Abstract We present a catalog of unbound stellar pairs, within 100 pc of the Sun, that are undergoing close, hyperbolic, encounters. The data are drawn from the GAIA EDR3 catalog, and the limiting factors are errors in the radial distance and unknown velocities along the line of sight. Such stellar pairs have been suggested to be possible events associated with the migration of technological civilizations between stars. As such, this sample may represent a finite set of targets for a SETI search based on this hypothesis. Our catalog contains a total of 132 close passage events, featuring stars from across the entire main sequence, with 16 pairs featuring at least one main-sequence star of spectral type between K1 and F3. Many of these stars are also in binaries, so that we isolate eight single stars as the most likely candidates to search for an ongoing migration event—HD 87978, HD 92577, HD 50669, HD 44006, HD 80790, LSPM J2126+5338, LSPM J0646+1829 and HD 192486. Among host stars of known planets, the stars GJ 433 and HR 858 are the best candidates.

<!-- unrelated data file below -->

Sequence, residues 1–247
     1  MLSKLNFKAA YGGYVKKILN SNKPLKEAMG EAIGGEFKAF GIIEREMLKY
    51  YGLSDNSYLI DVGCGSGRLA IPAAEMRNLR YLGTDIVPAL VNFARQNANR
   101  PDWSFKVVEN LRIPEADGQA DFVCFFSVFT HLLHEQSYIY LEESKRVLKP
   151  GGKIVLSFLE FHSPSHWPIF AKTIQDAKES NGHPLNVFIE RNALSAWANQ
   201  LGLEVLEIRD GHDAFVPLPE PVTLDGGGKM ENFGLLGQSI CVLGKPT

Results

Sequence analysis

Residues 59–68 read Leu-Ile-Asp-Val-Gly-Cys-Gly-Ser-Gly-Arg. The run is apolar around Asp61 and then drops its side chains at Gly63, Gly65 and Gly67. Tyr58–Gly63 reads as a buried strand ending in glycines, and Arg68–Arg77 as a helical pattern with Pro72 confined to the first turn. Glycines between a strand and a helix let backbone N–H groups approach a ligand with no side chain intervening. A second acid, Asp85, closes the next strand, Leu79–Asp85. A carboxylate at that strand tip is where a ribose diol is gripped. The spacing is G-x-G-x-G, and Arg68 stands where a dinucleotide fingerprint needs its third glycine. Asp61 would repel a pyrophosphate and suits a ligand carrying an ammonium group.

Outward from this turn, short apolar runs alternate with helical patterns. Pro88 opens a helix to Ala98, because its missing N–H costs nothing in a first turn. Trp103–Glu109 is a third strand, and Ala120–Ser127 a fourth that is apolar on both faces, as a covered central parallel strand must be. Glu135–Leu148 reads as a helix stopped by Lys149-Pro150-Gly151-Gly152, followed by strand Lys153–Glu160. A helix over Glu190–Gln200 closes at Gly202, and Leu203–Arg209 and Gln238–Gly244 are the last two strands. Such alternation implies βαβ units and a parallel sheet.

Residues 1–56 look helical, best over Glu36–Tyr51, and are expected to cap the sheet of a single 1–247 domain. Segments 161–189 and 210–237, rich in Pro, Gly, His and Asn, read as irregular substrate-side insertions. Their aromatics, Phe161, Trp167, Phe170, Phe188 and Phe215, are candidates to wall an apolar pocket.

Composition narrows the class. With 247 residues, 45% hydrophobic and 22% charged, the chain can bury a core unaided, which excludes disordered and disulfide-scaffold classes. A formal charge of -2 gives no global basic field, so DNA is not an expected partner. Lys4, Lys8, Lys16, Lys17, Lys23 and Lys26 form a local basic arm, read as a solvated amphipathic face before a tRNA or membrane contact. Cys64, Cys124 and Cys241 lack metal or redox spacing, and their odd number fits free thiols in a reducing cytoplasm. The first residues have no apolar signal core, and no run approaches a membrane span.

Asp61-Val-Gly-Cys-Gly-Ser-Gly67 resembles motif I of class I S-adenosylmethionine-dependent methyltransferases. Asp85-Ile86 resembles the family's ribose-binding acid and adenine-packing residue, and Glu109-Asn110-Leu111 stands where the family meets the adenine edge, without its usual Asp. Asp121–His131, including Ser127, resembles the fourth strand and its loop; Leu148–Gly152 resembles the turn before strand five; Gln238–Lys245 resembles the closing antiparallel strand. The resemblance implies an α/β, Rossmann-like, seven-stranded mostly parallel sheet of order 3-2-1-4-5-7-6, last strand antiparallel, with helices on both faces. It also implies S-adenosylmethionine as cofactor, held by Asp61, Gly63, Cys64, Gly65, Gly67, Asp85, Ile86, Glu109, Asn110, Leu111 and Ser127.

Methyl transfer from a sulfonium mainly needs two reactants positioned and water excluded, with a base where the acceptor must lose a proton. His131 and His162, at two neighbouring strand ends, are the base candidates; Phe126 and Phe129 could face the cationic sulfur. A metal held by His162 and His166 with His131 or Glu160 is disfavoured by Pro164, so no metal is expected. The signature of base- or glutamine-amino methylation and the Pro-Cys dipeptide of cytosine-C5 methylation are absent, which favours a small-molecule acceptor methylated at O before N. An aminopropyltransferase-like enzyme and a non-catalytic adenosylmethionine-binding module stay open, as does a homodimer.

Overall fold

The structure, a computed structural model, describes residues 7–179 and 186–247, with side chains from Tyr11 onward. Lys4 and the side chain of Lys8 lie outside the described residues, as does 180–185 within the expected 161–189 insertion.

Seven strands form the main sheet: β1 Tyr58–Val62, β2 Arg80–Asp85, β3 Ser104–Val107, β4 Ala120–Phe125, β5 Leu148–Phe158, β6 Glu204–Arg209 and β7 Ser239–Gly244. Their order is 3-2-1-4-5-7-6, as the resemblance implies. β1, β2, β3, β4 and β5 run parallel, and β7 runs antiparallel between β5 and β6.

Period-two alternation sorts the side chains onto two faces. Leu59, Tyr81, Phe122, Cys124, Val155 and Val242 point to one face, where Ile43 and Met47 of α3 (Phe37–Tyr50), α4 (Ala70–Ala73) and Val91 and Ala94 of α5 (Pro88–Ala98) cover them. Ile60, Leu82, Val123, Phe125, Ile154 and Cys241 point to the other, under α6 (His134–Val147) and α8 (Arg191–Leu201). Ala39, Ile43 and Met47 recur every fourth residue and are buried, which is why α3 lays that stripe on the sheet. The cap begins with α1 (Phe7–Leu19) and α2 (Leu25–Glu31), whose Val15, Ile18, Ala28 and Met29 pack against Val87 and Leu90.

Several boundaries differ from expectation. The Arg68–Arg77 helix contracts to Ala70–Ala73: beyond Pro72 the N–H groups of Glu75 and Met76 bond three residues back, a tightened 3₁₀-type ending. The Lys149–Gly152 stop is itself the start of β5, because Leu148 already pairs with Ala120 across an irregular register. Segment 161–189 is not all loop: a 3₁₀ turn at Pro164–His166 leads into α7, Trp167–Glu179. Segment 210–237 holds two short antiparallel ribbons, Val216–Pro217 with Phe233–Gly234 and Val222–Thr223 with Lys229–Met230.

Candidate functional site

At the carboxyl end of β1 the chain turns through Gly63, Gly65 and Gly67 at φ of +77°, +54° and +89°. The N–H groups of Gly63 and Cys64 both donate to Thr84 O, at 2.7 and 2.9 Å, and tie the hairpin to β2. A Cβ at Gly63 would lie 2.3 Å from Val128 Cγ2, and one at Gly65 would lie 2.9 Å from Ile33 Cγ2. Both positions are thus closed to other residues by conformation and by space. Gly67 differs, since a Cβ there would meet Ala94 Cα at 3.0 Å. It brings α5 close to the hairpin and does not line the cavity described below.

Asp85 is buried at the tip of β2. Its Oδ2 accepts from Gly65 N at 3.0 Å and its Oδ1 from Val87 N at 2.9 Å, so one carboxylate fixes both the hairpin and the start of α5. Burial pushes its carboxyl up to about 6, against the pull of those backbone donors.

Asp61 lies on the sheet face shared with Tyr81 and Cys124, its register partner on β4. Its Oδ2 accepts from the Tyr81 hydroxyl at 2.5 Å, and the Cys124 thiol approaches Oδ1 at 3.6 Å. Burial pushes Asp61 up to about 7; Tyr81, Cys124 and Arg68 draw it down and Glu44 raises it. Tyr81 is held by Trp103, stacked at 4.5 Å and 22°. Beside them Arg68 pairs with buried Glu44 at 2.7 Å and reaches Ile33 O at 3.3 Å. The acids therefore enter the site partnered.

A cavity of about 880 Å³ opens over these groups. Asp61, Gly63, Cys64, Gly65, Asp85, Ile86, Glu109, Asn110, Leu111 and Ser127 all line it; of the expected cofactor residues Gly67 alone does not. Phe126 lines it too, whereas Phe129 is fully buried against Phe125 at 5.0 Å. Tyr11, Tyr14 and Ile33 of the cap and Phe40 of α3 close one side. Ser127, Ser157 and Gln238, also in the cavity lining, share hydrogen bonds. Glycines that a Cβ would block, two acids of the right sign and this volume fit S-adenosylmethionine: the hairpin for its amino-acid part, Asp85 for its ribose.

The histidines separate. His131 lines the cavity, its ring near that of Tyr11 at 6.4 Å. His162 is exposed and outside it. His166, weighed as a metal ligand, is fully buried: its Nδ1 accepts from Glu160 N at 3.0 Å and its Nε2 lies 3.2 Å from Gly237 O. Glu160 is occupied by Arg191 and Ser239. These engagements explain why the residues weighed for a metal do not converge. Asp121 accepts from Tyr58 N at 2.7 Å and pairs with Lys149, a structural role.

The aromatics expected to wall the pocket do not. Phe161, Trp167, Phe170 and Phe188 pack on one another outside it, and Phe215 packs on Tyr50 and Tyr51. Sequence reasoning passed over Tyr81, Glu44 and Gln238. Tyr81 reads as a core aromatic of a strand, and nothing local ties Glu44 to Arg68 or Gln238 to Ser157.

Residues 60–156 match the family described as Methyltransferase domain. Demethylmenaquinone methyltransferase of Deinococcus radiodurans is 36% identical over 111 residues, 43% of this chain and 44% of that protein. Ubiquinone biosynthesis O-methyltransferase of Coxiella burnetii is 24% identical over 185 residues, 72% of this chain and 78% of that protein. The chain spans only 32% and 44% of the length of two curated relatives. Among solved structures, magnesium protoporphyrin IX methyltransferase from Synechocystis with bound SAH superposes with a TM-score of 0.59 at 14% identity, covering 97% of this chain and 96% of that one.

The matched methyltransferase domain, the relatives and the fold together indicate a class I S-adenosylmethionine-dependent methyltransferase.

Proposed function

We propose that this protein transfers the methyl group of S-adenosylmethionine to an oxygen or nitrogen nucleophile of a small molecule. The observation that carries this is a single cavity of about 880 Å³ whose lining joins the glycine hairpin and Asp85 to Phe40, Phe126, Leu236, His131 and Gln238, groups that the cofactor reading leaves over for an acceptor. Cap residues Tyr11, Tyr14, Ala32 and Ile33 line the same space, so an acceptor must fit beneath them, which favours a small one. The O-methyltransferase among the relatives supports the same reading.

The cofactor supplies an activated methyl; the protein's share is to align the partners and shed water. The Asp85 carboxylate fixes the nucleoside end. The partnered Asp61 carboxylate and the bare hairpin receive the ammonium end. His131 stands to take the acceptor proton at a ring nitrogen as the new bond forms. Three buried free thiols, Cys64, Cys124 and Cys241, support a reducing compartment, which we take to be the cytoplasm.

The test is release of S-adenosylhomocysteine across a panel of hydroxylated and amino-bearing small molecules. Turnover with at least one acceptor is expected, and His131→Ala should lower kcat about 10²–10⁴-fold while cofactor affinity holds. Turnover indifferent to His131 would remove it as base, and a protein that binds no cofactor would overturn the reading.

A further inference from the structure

2021 ◽  
Vol 13 (4) ◽  
pp. 1-18
Andreas Galanis ◽  
Leslie Ann Goldberg ◽  
James Stewart